The well-stocked fridge at our weekend retreat
The Bible speaks to the importance of female friendships and our roles as girlfriends:
“Likewise, teach the older women to be reverent in the way they live, not to be slanderers or addicted to much wine, but to teach what is good. Then they can urge the younger women to love their husbands and children, to be self-controlled and pure, to be busy at home, to be kind, and to be subject to their husbands, so that no one will malign the word of God.” – Titus 2:3-5
Our girlfriends are to be our mentors and role models…and we are to be theirs. Age differences shouldn’t be barriers to or determiners of our relationships. Young or old, we have much to offer one another. Our differences can and should complement each other.
The cat who took up with me at our weekend retreat
Our relationships should be a give and take. There is so much we can learn from each other. Do you have those friends that make you say, “I want to be like her when I grow up”?
I have those and I love them. They complement my weaknesses and encourage me to be a better person that I would be on my own. They encourage me to treasure my children, invest in my husband, and be Jesus to the people around me.
It reminds me of the line from Jack Nicholson in As Good as it Gets: You make me want to be a better man.
My girlfriends inspire me to be a better wife, mom, sister, daughter, and friend and I treasure them for it.
Our Weekend Retreat
Before I go, I have to tell you about our weekend retreat. We ate food we didn’t cook on dishes we didn’t have to wash and slept in beds we didn’t have to make. It was heavenly! It as at a retreat mostly used by scrapbookers and quilters, but it has Wi-Fi, so one friend took her scrapbooking stuff, one took her quilting stuff, and I took my laptop.
Brunch, dinner and snacks were included in the price of the stay. These delicious meals were lovingly prepared by our hostess, Fran, and consisted of things like: fresh, home-baked breads; eggs from her chickens; fruits and veggies from her orchard and garden; and tons of yummy, sinful goodness.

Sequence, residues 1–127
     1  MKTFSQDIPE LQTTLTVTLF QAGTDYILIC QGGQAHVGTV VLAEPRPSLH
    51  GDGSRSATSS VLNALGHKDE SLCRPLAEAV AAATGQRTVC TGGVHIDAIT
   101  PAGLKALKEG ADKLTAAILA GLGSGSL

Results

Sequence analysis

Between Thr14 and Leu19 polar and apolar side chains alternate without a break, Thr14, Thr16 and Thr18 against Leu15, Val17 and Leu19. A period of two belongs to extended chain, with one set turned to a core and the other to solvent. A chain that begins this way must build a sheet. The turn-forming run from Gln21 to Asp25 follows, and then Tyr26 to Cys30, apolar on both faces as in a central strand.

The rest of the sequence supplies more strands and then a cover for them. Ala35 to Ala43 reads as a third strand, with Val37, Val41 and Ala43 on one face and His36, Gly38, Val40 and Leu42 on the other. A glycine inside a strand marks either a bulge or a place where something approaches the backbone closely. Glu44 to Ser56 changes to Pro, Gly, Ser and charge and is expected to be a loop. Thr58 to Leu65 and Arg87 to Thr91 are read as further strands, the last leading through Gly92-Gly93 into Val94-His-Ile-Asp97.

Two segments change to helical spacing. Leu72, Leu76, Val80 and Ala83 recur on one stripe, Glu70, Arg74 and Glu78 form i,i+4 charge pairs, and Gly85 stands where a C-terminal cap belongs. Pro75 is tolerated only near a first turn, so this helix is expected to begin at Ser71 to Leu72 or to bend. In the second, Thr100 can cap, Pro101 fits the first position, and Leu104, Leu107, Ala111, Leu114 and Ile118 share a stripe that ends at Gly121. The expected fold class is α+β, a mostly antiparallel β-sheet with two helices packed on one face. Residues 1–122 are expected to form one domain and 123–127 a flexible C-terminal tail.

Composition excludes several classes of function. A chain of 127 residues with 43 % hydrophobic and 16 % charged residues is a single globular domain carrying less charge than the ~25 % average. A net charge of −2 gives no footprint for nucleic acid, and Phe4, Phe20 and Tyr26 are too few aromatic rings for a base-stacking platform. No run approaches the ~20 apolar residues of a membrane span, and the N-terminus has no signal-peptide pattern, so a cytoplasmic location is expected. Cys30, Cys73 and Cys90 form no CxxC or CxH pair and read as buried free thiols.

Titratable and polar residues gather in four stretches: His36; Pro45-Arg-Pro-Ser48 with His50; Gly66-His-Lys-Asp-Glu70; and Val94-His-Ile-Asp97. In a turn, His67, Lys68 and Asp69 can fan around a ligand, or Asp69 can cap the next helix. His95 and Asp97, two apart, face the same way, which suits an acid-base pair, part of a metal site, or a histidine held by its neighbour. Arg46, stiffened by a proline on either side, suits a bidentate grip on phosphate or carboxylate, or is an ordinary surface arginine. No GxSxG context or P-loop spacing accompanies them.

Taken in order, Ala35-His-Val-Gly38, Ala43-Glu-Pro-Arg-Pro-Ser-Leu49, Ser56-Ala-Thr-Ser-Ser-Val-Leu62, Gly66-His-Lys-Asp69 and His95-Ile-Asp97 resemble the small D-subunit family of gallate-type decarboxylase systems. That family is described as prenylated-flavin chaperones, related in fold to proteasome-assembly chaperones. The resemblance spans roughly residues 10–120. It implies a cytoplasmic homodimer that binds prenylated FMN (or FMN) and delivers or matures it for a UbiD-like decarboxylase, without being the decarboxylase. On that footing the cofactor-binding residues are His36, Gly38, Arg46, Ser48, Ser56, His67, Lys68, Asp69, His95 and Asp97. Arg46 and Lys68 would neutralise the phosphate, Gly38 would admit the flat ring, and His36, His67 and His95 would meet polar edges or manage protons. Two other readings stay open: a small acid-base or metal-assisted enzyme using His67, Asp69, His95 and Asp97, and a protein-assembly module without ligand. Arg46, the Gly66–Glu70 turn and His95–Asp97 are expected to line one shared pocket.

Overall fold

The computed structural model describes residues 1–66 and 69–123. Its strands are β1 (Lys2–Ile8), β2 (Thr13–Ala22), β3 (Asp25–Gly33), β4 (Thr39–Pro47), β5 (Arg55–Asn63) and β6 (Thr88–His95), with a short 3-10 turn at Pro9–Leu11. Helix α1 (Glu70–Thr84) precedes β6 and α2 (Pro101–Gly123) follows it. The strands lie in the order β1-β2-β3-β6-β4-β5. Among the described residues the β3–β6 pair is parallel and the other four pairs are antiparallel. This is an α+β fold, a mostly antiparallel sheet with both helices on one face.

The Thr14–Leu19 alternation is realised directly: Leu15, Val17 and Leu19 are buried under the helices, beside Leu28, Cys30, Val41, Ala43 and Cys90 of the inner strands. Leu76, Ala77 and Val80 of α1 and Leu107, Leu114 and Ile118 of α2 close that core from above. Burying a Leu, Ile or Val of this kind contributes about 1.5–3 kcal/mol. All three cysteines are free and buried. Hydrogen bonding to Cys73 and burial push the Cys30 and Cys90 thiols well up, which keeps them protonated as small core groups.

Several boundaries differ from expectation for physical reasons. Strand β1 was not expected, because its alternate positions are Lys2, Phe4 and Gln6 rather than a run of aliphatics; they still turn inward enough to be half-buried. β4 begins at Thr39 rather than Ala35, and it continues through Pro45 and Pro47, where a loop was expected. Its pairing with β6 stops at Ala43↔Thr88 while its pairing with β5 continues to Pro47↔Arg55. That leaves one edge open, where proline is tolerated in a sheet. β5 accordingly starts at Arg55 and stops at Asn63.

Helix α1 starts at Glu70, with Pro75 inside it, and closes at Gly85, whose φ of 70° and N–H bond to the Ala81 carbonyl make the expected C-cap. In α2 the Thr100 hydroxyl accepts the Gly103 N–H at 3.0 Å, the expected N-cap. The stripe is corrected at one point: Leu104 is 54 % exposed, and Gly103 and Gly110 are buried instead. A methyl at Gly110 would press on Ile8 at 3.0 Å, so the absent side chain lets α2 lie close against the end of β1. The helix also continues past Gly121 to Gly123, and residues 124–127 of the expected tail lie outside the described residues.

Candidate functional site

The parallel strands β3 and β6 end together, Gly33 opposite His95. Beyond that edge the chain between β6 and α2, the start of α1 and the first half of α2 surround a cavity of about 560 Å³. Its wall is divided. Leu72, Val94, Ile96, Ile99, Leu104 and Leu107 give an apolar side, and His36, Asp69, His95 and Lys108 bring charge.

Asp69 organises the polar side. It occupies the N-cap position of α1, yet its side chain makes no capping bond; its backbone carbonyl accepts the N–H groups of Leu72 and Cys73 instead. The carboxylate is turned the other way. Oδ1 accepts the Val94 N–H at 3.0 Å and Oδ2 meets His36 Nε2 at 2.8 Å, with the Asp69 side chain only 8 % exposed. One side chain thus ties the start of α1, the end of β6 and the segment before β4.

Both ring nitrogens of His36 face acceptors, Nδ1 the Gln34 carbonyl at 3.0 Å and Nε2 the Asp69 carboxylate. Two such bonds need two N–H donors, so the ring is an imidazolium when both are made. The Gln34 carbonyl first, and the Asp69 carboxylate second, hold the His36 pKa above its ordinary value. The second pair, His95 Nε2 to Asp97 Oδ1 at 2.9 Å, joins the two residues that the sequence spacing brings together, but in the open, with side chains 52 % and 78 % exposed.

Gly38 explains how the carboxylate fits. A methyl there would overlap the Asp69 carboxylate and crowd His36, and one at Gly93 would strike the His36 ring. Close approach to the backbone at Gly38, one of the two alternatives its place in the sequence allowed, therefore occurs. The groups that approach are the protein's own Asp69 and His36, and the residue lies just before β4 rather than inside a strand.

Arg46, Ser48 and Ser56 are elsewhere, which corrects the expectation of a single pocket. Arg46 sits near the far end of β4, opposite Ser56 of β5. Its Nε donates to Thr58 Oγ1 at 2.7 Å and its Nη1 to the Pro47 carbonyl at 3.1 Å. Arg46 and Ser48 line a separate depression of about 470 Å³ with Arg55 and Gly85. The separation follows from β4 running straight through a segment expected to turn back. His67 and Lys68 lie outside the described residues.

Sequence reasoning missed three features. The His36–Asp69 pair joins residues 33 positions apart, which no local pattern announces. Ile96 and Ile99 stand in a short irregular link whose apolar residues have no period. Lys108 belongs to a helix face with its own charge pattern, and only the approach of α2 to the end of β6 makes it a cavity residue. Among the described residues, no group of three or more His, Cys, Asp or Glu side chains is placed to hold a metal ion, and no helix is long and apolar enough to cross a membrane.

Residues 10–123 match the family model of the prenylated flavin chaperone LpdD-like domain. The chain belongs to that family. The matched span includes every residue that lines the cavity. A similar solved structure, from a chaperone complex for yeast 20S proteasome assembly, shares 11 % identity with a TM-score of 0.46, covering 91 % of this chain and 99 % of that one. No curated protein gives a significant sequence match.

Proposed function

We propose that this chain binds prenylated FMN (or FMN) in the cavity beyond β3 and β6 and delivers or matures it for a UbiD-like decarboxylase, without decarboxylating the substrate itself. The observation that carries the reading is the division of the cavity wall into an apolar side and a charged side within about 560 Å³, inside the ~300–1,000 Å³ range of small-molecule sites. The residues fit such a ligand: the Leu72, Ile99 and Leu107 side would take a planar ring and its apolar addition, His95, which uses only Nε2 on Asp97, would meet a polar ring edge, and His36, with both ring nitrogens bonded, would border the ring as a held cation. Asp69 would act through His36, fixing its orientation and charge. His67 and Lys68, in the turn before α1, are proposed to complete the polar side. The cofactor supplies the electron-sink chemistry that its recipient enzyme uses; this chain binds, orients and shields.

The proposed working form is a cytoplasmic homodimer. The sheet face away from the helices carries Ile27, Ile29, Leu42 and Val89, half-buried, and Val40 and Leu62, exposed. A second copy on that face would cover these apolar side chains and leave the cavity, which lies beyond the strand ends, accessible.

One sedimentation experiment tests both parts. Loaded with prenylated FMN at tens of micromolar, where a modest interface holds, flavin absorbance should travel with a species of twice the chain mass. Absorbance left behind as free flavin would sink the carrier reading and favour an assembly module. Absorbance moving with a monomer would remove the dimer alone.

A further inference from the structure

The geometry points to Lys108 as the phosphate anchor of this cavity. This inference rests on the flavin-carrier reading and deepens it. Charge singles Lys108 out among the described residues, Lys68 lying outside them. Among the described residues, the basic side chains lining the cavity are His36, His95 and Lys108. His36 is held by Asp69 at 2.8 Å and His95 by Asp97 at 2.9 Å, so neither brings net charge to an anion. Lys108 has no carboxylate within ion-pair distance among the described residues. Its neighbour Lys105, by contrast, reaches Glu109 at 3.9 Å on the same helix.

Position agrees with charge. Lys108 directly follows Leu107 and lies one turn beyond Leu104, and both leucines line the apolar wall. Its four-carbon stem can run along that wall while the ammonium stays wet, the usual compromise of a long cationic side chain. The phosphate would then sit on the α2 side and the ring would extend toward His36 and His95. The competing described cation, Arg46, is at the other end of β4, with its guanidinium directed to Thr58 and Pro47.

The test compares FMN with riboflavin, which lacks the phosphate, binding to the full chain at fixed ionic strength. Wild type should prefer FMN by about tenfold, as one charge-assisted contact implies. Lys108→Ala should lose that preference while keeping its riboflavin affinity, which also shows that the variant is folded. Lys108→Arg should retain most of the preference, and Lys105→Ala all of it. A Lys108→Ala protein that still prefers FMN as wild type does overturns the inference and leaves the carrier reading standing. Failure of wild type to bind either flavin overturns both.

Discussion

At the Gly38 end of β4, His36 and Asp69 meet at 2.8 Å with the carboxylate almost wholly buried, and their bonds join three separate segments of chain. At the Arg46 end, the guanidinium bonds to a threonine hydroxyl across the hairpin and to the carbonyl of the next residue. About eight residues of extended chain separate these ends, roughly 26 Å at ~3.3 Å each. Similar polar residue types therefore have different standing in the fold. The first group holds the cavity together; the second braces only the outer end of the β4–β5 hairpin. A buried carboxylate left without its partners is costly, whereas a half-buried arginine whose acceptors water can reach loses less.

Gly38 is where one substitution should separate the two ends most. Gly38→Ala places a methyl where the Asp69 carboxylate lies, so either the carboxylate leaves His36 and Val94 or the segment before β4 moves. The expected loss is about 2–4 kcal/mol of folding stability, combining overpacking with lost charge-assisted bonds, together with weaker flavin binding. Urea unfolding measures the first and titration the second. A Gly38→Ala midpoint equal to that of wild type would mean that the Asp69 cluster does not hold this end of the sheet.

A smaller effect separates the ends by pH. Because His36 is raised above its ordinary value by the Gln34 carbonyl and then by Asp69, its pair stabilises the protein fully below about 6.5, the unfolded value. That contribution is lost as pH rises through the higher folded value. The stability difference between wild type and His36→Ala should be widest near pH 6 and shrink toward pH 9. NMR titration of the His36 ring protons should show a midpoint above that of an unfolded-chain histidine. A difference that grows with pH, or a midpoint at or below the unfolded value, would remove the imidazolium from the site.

Each meal was served on a themed table setting and we were treated like royalty. We didn’t lift a finger, even to refill our glasses. One night we had Mexican – chicken enchiladas, a chile and egg dish whose exact name I forgot, homemade refried beans, and queso dip with tortilla chips. This was followed by something I’ve never had before – crème Brule.
It was all served on Mexican-themed dinnerware, including placemats and cloth napkins that Fran sewed herself. Then there was the centerpiece:
It wasn’t that blurry in person…aggravating camera phone.
In addition to all the candies, trail mixes, and Chex mix on the counter, we were served an afternoon snack each day – cheese, veggies, homemade sweets. Yes, I’ve been working out since I’ve been home!
We slept covered with quilts made by Fran in small, but homey rooms – most had twin beds, but there are a couple with full beds, too.
The workroom features eight work stations for crafting, but they work well for blogging, too. Each has a table, a power strip, a comfortable chair, and individual task lights.
There is also a projector and a DVD player, so we watched half a dozen or so chick-flicks on the wall.
If you have a group of friends who enjoy crafting – or blogging – and you live in the Northwest Georgia, Northeast Alabama, or Southeast Tennessee area, I highly encourage you to consider Home Harvest Retreat for a girlfriends’ weekend retreat. Fran gives a homeschool discount because her family homeschooled until her children graduated. Just tell her Kris from Weird, Unsocialized Homeschoolers sent you.
Now, go. Invest in your friendships with your girlfriends. What do you to do cultivate those relationships?
Kris Bales is a newly-retired homeschool mom and the quirky, Christ-following, painfully honest founder (and former owner) of Weird, Unsocialized Homeschoolers. She has a pretty serious addiction to sweet tea and Words with Friends. Kris and her husband of over 30 years are parents to three amazing homeschool grads. They share their home with three dogs, two cats, a ball python, a bearded dragon, and seven birds.